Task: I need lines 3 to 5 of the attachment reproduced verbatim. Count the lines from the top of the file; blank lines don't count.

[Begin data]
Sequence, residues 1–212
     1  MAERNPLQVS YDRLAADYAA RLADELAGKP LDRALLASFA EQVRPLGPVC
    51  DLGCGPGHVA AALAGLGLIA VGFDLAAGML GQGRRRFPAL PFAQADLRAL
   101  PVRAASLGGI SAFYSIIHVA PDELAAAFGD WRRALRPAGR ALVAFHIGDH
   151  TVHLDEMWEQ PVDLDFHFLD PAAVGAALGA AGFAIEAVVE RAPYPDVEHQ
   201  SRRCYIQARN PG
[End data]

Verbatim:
    51  DLGCGPGHVA AALAGLGLIA VGFDLAAGML GQGRRRFPAL PFAQADLRAL
   101  PVRAASLGGI SAFYSIIHVA PDELAAAFGD WRRALRPAGR ALVAFHIGDH
   151  TVHLDEMWEQ PVDLDFHFLD PAAVGAALGA AGFAIEAVVE RAPYPDVEHQ